Premium vs. Discount Bonds: What’s the Difference?
The bond market tends to be relatively stable compared to the stock market. Nevertheless, there is a degree of volatility associated with bonds—especially as they change hands between investors. As you delve deeper into the bond market, it’s important to understand the difference between premium vs. discount bonds. Identifying them means capitalizing on some of this sparse volatility.
Bonds aren’t issued at a premium or discount. Instead, all new bonds enter the market as standard bonds. Their value—and their status as “premium” or “discount”—are the result of market factors and investor sentiment. It’s possible for investors to capitalize on both premium and discount bonds, depending on their investment strategy.
What is a Premium Bond?
A premium bond trades above its face value. For example, a $500 bond that trades for $525 is a premium bond. This happens when the bond’s coupon rate exceeds the prevailing interest rate. So, for example, the prevailing interest rate might be 4%, while the bond’s coupon rate is 6%. This superior coupon rate is why the bond trades at a premium in secondary markets.
Trading bonds at a premium actually drives the yield of the bond down. So why do investors seek out premium bonds? Because they pay back cash at a faster rate of return. Investors can take the higher yield interest payments and invest them elsewhere. This is especially helpful in a rising rate environment. There’s also the prospect of a better cushion between prevailing rate and the coupon rate, which reduces sensitivity to interest rate changes.
What is a Discount Bond?
Discount bonds trade below face value. For example, a $500 bond that trades at $480 is a discount bond, for all intents and purposes. This occurs when the coupon rate of the bond falls below the prevailing interest rate. In this case, if the prevailing interest rate is 6% and the coupon rate is 4%, it’s more likely to trade at a discount.
Rising interest rates aren’t the only factors that may cause the bond to trade at a discount. If the bond issuer faces a risk of default, investor sentiment may sour, causing the bond to sell at a discount. The same can happen due to a credit rating review that signals higher risk. Many investors are quick to offload bonds as they become riskier, due to the fact that bonds traditionally represent stability.
What Causes Bond Prices to Change?
Remember that companies issue standard bonds, and they’re not considered premium or discount until they reach a secondary market. So, what causes them to rise or fall above their face value? Investors look at two things: interest rate (coupon) and issue price. Then, they juxtapose these against the current market.
Rising interest rates lead to falling bond prices; the same is true of the inverse, as well. What makes bonds more or less attractive investors is the fact that they’re fixed-income instruments. The coupon price of a bond doesn’t change, which means its perceived value rises or falls based on the coupon rate’s relationship to the prevailing interest rate. As a result:
- Bonds become more attractive as interest rates fall, because coupon rates are usually high
- Bonds become less attractive as interest rates rise and offer better ROI than the coupon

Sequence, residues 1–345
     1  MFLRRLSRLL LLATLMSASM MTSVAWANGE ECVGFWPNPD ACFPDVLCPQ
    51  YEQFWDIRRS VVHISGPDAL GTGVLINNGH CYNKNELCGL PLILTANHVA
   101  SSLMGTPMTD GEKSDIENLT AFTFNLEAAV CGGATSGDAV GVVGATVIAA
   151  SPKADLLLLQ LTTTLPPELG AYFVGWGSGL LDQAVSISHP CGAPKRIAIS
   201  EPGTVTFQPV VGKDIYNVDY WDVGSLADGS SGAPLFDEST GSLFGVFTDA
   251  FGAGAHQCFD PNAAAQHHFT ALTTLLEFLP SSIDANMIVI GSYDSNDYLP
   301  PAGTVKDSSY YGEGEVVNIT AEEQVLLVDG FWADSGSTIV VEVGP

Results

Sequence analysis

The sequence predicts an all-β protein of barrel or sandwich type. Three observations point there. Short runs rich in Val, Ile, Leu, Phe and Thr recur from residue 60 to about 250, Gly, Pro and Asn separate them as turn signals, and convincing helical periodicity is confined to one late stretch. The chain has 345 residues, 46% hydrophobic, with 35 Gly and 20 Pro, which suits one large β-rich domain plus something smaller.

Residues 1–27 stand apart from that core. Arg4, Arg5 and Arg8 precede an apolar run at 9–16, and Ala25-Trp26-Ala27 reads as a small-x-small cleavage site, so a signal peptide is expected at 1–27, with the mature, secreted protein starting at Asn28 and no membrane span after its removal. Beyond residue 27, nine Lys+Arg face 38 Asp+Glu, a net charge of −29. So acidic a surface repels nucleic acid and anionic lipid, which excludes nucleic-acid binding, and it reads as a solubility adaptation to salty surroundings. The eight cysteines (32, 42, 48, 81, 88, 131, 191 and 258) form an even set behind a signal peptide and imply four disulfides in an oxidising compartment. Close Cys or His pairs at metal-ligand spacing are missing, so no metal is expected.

This constant fluctuation of interest rate and demand for bonds is what forms the secondary market—and how premium vs. discount bonds are born. Some investors want the high-yield payments of the bond so they can reinvest them while interest rates are low. Others buy the bond at a discount to cash in on its face value. Because there are lucrative options on either side, the bond market continues to see robust activity regardless of sentiment.
Different Meanings Abroad
Investors need to be aware that terms like “premium” and “discount” have different meanings in foreign markets—especially “premium bonds.” In Canada and the United Kingdom, investors can actually buy premium bonds in primary markets.
- In Canada, the Bank of Canada issues premium bonds, which pay a higher interest rate than savings bonds. They also come backed by the full faith and credit of the Canadian government, making them extremely low-risk.
- In the United Kingdom, the National Savings and Investment Agency issues premium bonds as part of a lottery system. The bonds themselves pay tax-free interest into a pool, which investors are eligible for through the purchase of said bonds.
United States investors tend to have very little exposure to these types of bonds, which should assuage any confusion that comes with them. Nevertheless, investors with more globalized, diversified portfolios should be aware of the semantic differences.
A Note About Credit Ratings
Because credit agencies have a significant impact on the desirability of bonds, it’s important to make a note about ratings. Every bond carries a rating from one of the major credit agencies: namely Standard & Poor’s, Moody’s Investors Service or Fitch Ratings Inc. The higher the rating, the higher the bond is to trade at a premium; the lower the rating, the heavier the discount. Most AAA (Aaa) and AA (Aa) bonds trade at a premium regularly. Junk bonds, like those rated B or CCC (Caa) tend to trade at a discount out of principle.
Evaluate Bonds to Make Smart Investments
When it comes to buying premium vs. discount bonds, there is no wrong answer. Consider the strategy behind buying at a discount or buying at a premium, and seek to capitalize on either the annual yield or the face value of the bond. Just make sure you’re not buying a bond that’s overvalued for its coupon or discounted so low that it’s effectively junk.